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Author Topic: Recently Viewed Movies Episode 2: The Vampire Bites Back  (Read 334537 times)
Agent D.
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« Reply #2760 on: December 23, 2012, 01:30:57 AM »

The Hobbit looked like it was playing in fast forward in 48 fps and the storyline had no resolution for anything. I mean, even in Fellowship of the Ring there was a resolution for the fellowship, and Boromir. For the Hobbit, it really shows that it's one book split into three movies.
I thought it was 2 movies?
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« Reply #2761 on: December 23, 2012, 01:44:55 AM »

The Hobbit looked like it was playing in fast forward in 48 fps and the storyline had no resolution for anything. I mean, even in Fellowship of the Ring there was a resolution for the fellowship, and Boromir. For the Hobbit, it really shows that it's one book split into three movies.
I thought it was 2 movies?

Cha-Ching.  3 movies.
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« Reply #2762 on: December 23, 2012, 04:39:47 AM »

The Hobbit looked like it was playing in fast forward in 48 fps and the storyline had no resolution for anything. I mean, even in Fellowship of the Ring there was a resolution for the fellowship, and Boromir. For the Hobbit, it really shows that it's one book split into three movies.
I thought it was 2 movies?

Cha-Ching.  3 movies.

Meanwhile we're only getting one LÚ MisÚ which is based off of one of the longest tales ever committed to paper (it puts War and Peace to shame), and compared to a trilogy based off a book shorter than any of the three books in its succeeding trilogy it's downright silly.

And let it be said that I will not be surprised if somehow, and for some reason, the Tom Babadil/Old Willow segment from the Fellowship of the Ring will make it into the next Hobbit movie purely for the sake of padding out the movie (hell, they're already padding it out with a D&D quest to slay the Necromancer, which I also wouldn't be surprised to find it based off the Barrow Downs segment also missing from the Fellowship movie). It's not like Jackson's writing fanfiction....just, rearranging the order of events that already existed (in a different set of works) slightly to compensate for only having half an already short book's worth of material to film left not covering it the first time when it would've been more appropriate.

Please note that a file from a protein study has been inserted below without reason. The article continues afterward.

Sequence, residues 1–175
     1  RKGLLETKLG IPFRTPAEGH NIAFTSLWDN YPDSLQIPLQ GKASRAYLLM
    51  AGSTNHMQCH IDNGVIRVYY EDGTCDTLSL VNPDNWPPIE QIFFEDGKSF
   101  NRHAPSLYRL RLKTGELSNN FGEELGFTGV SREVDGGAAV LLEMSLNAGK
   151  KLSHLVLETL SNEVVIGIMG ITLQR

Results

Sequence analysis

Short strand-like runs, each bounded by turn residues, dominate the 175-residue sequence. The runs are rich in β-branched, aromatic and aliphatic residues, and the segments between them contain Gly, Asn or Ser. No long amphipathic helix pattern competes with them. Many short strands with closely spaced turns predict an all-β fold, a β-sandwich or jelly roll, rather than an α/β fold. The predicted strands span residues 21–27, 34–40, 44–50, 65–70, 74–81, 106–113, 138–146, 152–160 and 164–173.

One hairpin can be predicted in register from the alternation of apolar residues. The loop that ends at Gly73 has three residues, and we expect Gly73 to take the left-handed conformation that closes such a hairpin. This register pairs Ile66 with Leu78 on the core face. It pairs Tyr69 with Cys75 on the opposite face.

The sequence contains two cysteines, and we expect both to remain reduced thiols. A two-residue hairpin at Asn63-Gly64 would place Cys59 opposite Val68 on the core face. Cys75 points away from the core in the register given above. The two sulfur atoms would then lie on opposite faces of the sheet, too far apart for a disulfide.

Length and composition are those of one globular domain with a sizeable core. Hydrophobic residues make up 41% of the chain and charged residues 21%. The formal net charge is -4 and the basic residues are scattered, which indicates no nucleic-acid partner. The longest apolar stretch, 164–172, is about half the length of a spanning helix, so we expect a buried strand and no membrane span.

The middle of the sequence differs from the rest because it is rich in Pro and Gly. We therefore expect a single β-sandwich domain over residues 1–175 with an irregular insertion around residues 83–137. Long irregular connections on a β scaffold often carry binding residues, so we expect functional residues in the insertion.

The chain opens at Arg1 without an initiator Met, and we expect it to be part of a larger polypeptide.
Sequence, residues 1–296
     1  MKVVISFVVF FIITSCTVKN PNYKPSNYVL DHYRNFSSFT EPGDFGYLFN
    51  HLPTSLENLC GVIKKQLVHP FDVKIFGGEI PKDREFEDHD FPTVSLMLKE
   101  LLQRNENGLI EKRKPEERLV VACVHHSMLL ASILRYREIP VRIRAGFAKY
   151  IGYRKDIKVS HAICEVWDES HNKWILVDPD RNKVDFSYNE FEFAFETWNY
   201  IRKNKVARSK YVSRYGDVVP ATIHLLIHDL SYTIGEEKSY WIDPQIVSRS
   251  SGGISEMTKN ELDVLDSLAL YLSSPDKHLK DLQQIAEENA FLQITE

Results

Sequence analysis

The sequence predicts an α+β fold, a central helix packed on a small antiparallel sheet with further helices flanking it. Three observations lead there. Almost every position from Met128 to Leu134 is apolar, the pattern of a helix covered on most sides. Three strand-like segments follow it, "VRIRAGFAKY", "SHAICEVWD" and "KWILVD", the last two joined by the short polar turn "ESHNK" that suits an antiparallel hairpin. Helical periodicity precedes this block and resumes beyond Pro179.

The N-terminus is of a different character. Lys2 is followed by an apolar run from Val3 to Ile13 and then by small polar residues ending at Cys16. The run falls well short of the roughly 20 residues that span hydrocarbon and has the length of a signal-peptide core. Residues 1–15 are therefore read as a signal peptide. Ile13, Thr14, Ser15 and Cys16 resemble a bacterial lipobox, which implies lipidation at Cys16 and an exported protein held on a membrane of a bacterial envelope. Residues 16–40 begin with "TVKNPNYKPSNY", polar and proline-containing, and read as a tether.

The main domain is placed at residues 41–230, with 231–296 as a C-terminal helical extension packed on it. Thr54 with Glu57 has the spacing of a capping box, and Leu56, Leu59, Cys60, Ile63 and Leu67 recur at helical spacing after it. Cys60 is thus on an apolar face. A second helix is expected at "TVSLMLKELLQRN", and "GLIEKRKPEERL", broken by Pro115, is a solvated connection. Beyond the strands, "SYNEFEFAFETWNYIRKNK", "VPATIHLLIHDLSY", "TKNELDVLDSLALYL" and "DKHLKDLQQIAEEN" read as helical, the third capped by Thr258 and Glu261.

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« Reply #2763 on: December 23, 2012, 11:51:11 PM »

You had never seen Fellowship before now?! Wow. Glad you liked it.

I had seen bits and pieces of all three on DVD with relatives and in class but I had never sat down to watch the movies beginning to end.  I'm glad I liked it, too.  Looking forward to the next two.
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« Reply #2764 on: December 25, 2012, 01:39:57 PM »

A Christmas Story and A Charlie Brown Christmas are my two favorite Christmas movies of all time. 
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« Reply #2765 on: December 25, 2012, 08:40:31 PM »

LÚ MisÚ: Probably the only time I've seen a movie in public that ended with an ovation from the audience. This movie's going to kick ass on the Academy Awards in February.
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« Reply #2766 on: December 26, 2012, 12:49:45 AM »

The Golden Globes may be a sucky awards show, but at least they have the sense to break out the categories. A musical like Les Mis shouldn't be in the same category as regular movies. It just seems odd to me.

Life of Pi -
**1/2/4 stars
Not quite what I was expecting based on the gushing reviews. For one, I read the book years ago, but didn't remember much about it besides the boat and the tiger. Because of this, I forgot how much exposition there is before we get to the boat and the tiger.
The movie spends a lot of time on the back story of Pi, and his family. Too much time. I understand it's important to build up the characters so we can have feelings for them when bad things happen, but they could have cut out 20 of the first 45 minutes, and it still would have worked.
There are also stretches in the middle that feel a bit too long. Like the director simply wanted us to feel the same isolation as Pi. Instead, it was just kind of boring, and I wanted them to move on already.
My only other qualm is that it was a bit preachy. I didn't recall this aspect of the book. I have no problem with it being there, but when the point of the story is to, and I quote, "Make the writer believe in god", you really get my attention. And, of course, I saw no reason for any god-believing, and the author didn't suddenly convert, so I don't think he did, either.
Despite it all, it was still a decent movie. Beautiful cinematography. The tiger was amazing. The 3D was well done, and perfectly integrated. It simply didn't meet my high expectations.
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« Reply #2767 on: December 26, 2012, 09:57:11 AM »

^^  I really liked the book until it became a "it's up to the viewer" ending.  I hate that stuff.  But in regards to isolation=boredom; I've always found that when a movie tries to show boredom/isolation (especialy if it's prolonged, liked you say it does), it can convey boredom to the viewer.  I always hope directors avoid doing these parts for the same reason.